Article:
At CMMC FMR, we encourage residents to take ownership of their education by reflecting on what they want to achieve during residency to set themselves up for success after graduation. All residents complete a Personalized Education Plan (PEP) in orientation and update it over time. The PEP outlines a resident’s post-residency plans and the pathway they will take during residency to help achieve them. For many, this includes choosing specific areas to focus their learning. CMMC FMR can support residents in most any area of interest, but based on our faculty areas of expertise, current clinical services, and community partnerships, there are some specific strengths of the program that include:
For residents interested in a career in teaching or doing scholarly work, they work on developing those skills and portfolio during residency. Several residents have completed an Academic Medicine elective rotation in the past, which has included partnering with faculty on a research project, spending additional time in our med student clinic, junior precepting, didactic teaching, completing peer-reviews, and presenting at conferences.
We provide a robust MOUD program for patients, and residents participate in all aspects of care including our low barrier bridge clinic and weekly support group as well as managing their own panel of patients on MOUD. For residents who would like additional training in Addiction Medicine, there are opportunities to spend additional time in these clinics, as well as work one-on-one with our Licensed Alcohol and Drug Counselor, who conducts Addiction Assessments of patients in early stages of recovery, and rotate with a community partner for inpatient experience.
Many of our residents have a passion for being agents of change in the community. Advocacy is a powerful way to use your voice as a physician to shape the landscape of health care, particularly at a local level, and residency is a great place to learn those skills. Several residents have completed an advocacy elective that has included speaking at the state legislatures, writing op-eds for the local newspaper, interviewing local and state representatives, researching health policy, and completing advocacy training.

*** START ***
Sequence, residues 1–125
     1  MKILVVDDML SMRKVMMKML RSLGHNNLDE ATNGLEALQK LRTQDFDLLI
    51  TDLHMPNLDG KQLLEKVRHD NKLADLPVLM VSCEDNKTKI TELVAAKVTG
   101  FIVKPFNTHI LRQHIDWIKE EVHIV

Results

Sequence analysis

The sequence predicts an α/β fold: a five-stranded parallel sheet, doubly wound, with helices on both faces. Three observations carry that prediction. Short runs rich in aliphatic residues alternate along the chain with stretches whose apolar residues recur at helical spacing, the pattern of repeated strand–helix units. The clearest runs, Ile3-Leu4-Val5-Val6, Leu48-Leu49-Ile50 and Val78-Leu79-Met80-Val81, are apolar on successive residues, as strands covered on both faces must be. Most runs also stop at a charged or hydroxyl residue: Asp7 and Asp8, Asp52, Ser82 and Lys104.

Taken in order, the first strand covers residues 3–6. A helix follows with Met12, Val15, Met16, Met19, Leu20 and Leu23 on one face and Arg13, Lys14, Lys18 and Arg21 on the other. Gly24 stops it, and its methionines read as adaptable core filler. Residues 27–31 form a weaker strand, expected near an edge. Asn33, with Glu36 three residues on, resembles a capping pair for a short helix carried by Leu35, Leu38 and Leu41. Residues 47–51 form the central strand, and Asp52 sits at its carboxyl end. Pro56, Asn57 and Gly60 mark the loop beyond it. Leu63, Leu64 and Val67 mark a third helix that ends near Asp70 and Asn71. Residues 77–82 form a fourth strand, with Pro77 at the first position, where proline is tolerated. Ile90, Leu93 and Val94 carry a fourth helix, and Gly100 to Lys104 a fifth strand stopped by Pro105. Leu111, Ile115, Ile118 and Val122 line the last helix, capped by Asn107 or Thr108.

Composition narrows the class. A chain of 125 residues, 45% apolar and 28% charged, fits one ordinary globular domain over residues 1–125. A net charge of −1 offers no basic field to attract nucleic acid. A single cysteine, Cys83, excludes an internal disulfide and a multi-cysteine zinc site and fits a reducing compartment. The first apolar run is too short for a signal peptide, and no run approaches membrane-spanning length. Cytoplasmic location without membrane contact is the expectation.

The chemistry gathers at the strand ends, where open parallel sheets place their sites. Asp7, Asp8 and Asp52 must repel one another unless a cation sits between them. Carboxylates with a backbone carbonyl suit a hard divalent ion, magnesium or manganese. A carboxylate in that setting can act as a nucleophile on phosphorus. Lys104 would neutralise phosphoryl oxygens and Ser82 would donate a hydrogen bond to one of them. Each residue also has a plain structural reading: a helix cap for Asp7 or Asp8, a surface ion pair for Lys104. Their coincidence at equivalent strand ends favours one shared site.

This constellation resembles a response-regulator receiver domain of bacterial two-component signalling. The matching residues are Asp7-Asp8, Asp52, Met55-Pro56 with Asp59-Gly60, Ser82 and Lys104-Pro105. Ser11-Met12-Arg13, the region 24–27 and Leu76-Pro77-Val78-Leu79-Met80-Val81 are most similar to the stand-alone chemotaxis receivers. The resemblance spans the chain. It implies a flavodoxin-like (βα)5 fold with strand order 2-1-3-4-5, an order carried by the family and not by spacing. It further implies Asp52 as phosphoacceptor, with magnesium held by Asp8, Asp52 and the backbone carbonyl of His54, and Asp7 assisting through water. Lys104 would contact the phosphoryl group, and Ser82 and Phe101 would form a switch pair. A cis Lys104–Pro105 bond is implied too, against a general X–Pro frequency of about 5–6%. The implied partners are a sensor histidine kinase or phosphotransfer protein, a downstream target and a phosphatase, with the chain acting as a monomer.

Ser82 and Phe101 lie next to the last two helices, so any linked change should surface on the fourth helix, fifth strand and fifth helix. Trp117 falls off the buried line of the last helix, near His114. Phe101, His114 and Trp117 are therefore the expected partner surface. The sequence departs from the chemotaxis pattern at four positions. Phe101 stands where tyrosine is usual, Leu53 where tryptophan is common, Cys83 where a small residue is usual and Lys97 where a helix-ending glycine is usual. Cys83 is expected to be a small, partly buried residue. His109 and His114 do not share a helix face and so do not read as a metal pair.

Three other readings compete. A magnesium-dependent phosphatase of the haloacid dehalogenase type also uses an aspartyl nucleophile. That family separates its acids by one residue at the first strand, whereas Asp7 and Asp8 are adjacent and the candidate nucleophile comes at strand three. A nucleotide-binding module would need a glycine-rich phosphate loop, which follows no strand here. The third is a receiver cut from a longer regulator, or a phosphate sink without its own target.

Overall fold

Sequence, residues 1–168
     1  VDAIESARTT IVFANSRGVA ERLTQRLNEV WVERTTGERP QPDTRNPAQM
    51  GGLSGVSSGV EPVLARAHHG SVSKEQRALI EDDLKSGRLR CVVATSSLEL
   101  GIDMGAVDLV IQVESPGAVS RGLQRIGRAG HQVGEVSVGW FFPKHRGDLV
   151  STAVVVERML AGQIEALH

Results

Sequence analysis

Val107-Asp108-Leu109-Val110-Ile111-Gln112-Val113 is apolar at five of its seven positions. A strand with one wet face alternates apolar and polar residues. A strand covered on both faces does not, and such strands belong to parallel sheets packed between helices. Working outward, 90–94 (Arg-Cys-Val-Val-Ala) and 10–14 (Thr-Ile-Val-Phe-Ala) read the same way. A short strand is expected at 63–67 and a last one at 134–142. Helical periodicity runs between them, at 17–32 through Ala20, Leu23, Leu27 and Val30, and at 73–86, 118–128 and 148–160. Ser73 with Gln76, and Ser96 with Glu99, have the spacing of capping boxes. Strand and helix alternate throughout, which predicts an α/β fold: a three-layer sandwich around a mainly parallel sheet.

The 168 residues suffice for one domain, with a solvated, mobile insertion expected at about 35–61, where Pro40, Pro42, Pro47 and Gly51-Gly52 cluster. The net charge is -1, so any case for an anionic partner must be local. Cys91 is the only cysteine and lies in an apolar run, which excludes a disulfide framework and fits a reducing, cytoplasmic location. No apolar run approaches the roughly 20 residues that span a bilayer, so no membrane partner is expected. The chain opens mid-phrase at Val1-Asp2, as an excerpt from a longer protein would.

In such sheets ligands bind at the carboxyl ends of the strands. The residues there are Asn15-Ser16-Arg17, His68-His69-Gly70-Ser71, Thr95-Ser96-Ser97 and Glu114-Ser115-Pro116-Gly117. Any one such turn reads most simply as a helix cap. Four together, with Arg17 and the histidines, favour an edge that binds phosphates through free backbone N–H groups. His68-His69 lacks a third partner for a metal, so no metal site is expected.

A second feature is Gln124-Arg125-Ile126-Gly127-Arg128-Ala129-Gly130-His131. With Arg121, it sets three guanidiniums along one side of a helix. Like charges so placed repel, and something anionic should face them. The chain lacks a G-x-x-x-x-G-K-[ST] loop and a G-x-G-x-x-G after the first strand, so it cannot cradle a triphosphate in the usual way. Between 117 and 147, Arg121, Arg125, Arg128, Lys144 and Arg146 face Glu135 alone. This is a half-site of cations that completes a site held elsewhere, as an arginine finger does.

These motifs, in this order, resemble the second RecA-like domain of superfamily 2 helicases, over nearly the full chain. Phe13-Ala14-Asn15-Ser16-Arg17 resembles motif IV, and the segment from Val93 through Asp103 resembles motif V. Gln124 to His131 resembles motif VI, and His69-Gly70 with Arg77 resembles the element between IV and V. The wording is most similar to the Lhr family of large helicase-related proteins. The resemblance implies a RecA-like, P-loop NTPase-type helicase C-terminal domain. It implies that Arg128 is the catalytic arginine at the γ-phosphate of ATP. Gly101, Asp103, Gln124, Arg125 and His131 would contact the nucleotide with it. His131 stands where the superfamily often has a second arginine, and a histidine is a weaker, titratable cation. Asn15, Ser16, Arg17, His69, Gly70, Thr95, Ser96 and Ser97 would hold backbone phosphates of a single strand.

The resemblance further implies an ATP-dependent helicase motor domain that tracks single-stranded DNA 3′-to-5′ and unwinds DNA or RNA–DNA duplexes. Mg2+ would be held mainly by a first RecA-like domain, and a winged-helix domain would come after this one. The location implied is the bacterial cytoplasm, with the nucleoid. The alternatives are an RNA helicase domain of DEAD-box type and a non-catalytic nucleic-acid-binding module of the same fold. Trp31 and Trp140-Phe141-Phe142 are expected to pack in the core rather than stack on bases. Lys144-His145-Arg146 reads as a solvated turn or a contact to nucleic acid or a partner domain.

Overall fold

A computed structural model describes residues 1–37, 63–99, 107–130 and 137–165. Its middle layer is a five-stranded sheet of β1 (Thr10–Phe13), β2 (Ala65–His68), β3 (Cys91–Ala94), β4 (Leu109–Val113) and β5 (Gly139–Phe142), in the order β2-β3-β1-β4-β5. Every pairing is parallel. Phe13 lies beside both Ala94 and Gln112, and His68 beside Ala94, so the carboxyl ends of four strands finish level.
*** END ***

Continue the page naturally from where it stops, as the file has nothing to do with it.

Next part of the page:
The goal of the Selective is to provide a more compact and comprehensive exposure to the many venues which provide care for the frail elderly: the home, the clinic, assisted living communities, long term care, hospital-based palliative care, and community-based and inpatient Hospice Care. The frail elderly is a fast growing and underserved population which requires a unique set of clinical skills. The goal of this Selective is to help you to be confident and competent caring for elders in your practice after residency.
Hospitalist in Family Medicine
The Hospitalist in Family Medicine is designed to give residents a concentrated exposure to Hospital Medicine as it evolves into an exclusive area of practice. The resident will work directly with a hospital-based provider group and will participate in the care of patients in that environment. The resident is encouraged to explore all areas in which Hospitalists function which could also include opportunities to rotate in Bridgton or Rumford Hospitals. There may be opportunities to work on the Palliative Care Service as well as serve as a medicine consultant for patients admitted by other providers in the system. This experience may prepare the resident to apply for our or another Hospitalist fellowship.
The goal of the selective is to introduce residents to offering health care through an integrative medicine model. Integrative Medicine combines evidenced-based traditional western or allopathic and osteopathic medicine with other healing traditions, to create an individualized approach for the patient and to support the wellness of the health care provider and team. The resident will gain exposure to a variety of alternative health care providers via an experiential approach and learn to design a holistic method of practice for you and your patients.
Each resident completing the Integrative Medicine selective will also have the opportunity to participate with residents around the nation in the web-based Integrative Medicine in Residency (IMR) program designed by the University of Arizona. IMR is an in-depth competency-based curriculum in integrative medicine to be completed during the second two years of your residency. The IMR incorporates program and topic-specific exercises that residents can incorporate into their day-to- day family medicine experience. Arizona Center for Integrative Medicine
The resident in a sports medicine will have additional training in sports medicine, including opportunities for sideline game coverage, sports medicine research, and increased time in the sports medicine clinic, which allows for increased training in diagnosis and management of musculoskeletal issues. Residents have the opportunity to improve their skills with various procedures including musculoskeletal ultrasound, casting and splinting, joint injections and aspirations, and musculoskeletal x-ray interpretation. After completing this time in sports medicine, the resident should have increased competence at triaging and managing non-operative fractures, tendinopathies and other traumatic injuries, and be comfortable managing non-traumatic musculoskeletal complaints as well.